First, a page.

|The Four Freedoms: 75 Years of Liberal Betrayal||What IS Going On With Jobs?|
by Christopher Chantrill
January 07, 2014 at 12:00 am
IT WAS ON DECEMBER 4, 2013 that President Obama opened the Year of Inequality with his speech on economic mobility. A month later liberal hounds are baying for extended unemployment benefits and higher minimum wage, and conservatives are drawing up lists of what liberals know that ain’t so.
Here is John Hawkins’enumeration of how liberal inequality politics hurts the poor.
And here is John C. Goodman exposing “Five Myths about Inequality.”
We know what is going on here. Right now liberals aren’t going to win votes by airy promises of Hope and Change. That dog won’t hunt, not with Obamacare hammering ordinary Americans in the pocket-book. They have to turn the clock back to basic tribal instinct: vote for the Dems and we will give you loot. So 2014 must be the Year of Inequality. Democrats will extend long-term unemployment benefits even though science says that any period of unemployment is damaging to basic job skills. They will raise the minimum wage even though it will make it harder for your kid to get a job. And anyone that disagrees wants to starve little children.
We could go all Heideggerian here and sneer that the liberals are “falling” into the “inauthentic” “they-self” of “idle talk” at MSNBC and NPR. But we won’t.
No, let’s do something useful instead, and get back to science, the science of cooperation. Many of us have heard how game theorists use the Prisoners’Dilemma to investigate the phenomenon of human cooperation, and we’ve even heard about Robert Axelrod. He is the guy that ran a Prisoners’Dilemma tournament back in the 1970s and found that the best strategy for successful cooperation was TIT FOR TAT. Check out Wikipedia for details. I recently read the book, Robert Axelrod’s The Evolution of Cooperation. He boils it down to this, what we might call the Four Steps to Successful Social Cooperation:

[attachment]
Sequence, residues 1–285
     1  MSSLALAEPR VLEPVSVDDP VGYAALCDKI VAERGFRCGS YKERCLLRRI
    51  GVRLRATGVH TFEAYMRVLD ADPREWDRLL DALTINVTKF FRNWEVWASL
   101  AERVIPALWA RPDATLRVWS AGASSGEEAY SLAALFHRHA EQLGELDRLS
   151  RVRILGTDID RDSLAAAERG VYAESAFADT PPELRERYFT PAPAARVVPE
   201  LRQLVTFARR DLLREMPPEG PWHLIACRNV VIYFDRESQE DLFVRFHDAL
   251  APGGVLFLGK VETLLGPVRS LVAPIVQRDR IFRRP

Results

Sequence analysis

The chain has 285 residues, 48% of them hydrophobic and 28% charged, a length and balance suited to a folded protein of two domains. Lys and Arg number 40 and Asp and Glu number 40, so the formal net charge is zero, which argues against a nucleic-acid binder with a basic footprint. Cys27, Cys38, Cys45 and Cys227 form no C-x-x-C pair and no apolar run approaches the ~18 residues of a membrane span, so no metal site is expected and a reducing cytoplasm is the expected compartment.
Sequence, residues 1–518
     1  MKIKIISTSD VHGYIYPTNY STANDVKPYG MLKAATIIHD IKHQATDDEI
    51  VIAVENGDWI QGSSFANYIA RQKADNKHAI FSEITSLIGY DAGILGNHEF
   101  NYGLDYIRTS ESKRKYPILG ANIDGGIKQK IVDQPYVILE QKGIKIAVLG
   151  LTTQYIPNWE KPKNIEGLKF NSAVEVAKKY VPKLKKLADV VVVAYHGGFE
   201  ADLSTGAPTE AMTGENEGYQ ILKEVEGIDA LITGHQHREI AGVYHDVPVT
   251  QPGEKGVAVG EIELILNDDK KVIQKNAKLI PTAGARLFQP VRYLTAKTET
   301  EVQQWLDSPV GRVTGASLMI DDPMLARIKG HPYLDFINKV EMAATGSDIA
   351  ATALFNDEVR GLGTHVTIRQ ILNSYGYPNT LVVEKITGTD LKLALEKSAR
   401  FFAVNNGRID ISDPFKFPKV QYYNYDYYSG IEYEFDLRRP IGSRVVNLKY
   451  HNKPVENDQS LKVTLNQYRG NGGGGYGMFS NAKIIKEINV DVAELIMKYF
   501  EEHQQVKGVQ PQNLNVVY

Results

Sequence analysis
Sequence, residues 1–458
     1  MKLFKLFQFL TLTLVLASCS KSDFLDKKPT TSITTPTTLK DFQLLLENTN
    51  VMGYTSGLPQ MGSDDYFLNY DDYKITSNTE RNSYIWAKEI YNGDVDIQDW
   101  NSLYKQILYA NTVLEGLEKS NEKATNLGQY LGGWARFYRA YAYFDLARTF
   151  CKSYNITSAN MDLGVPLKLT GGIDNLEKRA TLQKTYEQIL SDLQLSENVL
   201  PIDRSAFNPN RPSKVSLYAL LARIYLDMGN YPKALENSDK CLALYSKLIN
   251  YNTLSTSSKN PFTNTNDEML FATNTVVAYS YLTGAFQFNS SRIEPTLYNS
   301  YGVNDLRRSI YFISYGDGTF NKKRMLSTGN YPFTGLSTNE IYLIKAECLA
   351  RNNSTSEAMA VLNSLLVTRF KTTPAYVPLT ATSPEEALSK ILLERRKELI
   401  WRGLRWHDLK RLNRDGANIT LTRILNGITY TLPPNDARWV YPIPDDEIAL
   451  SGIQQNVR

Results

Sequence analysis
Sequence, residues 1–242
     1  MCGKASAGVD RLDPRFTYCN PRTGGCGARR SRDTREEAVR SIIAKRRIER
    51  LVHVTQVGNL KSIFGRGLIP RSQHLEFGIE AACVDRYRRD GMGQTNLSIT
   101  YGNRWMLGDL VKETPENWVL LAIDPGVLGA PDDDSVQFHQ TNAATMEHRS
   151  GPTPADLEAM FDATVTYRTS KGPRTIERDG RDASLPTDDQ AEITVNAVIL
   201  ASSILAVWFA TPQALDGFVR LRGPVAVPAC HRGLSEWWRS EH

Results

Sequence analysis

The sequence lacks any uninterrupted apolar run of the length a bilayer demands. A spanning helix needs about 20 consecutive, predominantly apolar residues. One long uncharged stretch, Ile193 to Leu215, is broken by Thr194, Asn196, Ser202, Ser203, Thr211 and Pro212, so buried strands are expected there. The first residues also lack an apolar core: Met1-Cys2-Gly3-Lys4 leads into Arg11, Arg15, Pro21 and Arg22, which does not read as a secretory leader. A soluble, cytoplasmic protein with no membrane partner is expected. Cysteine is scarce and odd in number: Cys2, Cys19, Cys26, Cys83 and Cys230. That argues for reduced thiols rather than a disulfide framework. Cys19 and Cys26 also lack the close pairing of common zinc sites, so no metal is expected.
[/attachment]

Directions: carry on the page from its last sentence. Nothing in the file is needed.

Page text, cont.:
Ever cracked The Evolution of Cooperation, Mr. President, in between “Game of Thrones” and Rules for Radicals? Ever thought how your new inequality policy goes against the settled science of cooperation?
First, you like to encourage envy in your supporters with your class and race policy. Then your permanent campaign means that you believe in a philosophy of non-cooperation, hitting your opponents twice as hard. And, finally, you and the other Axelrod, David, think that clever tactics will always win the game.
The error that political activists make — even on the right — is to reduce all life to politics. But politics, I like to say, is civil war by other means, and every political action is therefore like a chess move, designed to inflict maximum harm on the opposition.
If you reduce life in society to civil-war-by-other-means you create a social and economic wasteland, so wise politicians typically put the chess game aside after the election. They try to dial down the triumphalism in their own supporters and the resentment in the opposition with calls to unity; they often work with the opposition to pass legislation that commands bipartisan support.
The new generation of progressives doesn’t get this. Thus President Obama snubbed Republican congressional leaders after the 2008 election with “we won.” The de Blasio folks went out of their way to insult out-going Mayor Bloomberg at Mayor de Blasio’s inauguration as New York City mayor. Don’t be nice, be nasty, and teach those racist, sexist bigots a lesson.
But human society, any society, is the group of people who are nice to each other, trust rather than suspect, that friend rather than un-friend. In the iterated Prisoner’s Dilemma tournament, it was the “nice” cooperative strategies that won the tournament.
You want to help the poor? You want to make a more prosperous society? Then do everything you can to increase the payoff from cooperation.